Lean manufacturing may be a good fit for stressed-out software shops

Agile is good, but busy, widely dispersed software development organizations also need to keep re-assessing the way they do things.

Lean and Agile are two distinct philosophies with different lineages; yet the two work well together when it comes to software development.

US Census National Processing Center photo from US Department of Commerce

That's the word from Dan Woods, CTO at Evolved Technologist, in a recent Forbes piece. Dan describes the Lean philosophy, which has been widely adopted in manufacturing, ever so succinctly: "Lean manufacturing, which envisions the enterprise as a massive event-driven system, waiting to create products when customer orders arrive instead of building products in advance and holding them in inventory."

Agile, part of the software world for more than a decade, is based on incremental development, accompanied by continuous feedback from users. "In Agile methods, instead of building the whole product, you build the smallest possible useful part and give it to users, who tell you what is right and what is wrong."

The two methodologies have a lot in common. And, as Dan observes, they are converging. "Most advanced practitioners of Agile now use more vocabulary from Lean manufacturing than from Agile. In essence, as a practical matter, good ideas from Agile are being absorbed into a new approach to software development that is more Lean than anything else."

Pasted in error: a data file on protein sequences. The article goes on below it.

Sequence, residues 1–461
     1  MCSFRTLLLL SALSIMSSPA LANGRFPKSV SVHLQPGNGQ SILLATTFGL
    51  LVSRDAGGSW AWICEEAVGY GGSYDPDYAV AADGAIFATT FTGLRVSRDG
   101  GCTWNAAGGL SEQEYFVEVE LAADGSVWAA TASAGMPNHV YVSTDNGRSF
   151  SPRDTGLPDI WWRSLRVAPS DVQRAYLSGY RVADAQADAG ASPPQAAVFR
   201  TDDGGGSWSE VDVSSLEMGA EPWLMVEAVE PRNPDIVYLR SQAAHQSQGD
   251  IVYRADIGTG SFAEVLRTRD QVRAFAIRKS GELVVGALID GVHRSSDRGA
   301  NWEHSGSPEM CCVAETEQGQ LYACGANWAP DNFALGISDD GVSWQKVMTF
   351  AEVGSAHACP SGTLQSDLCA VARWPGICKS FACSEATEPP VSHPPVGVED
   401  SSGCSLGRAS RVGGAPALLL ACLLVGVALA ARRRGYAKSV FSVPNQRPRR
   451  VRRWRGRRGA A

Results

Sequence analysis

The common ground between Lean and Agile may reflect the increasing "industrialization" of software taking place, as it moves away from individual craft to more repeatable component manufacturing, distribution and assembly.

You may say that Agile is about individual interactions over processes and tools, which is an anathema to mass-scale manufacturing. But Lean principles may bring needed practices to Agile shops that are burdened with uniting the efforts of widely distributed teams to churn out software on a tight schedule. Fierce competition forces code to be pushed out the door as fast as possible. "Agile has much less to say about how to connect the work of many different teams, and that's where Lean has a huge impact," Dan says. Lean breaks work down into value streams, which is then combined into the final product.

The Lean concept of continuous improvement also may work its way into Agile practices. Currently, Agile focuses on the software product. But employing the Lean continuous improvement approach will also focus on sharpening the software development process itself.

SAP is employing Lean into its software shops, as a way to scale up it's Scrum-based methodologies across a workforce of several thousand developers. As Dan reports: "Team empowerment and faster feedback cycles with customers are two significant benefits. ...SAP is expanding application of Agile methods to the entire product creation process using a Lean framework that includes empowered cross-functional teams, continuous improvement process and managers as support and teachers."

(Photo: U.S. Census Bureau, Department of Commerce.)

(Thumbnail: Joe McKendrick.)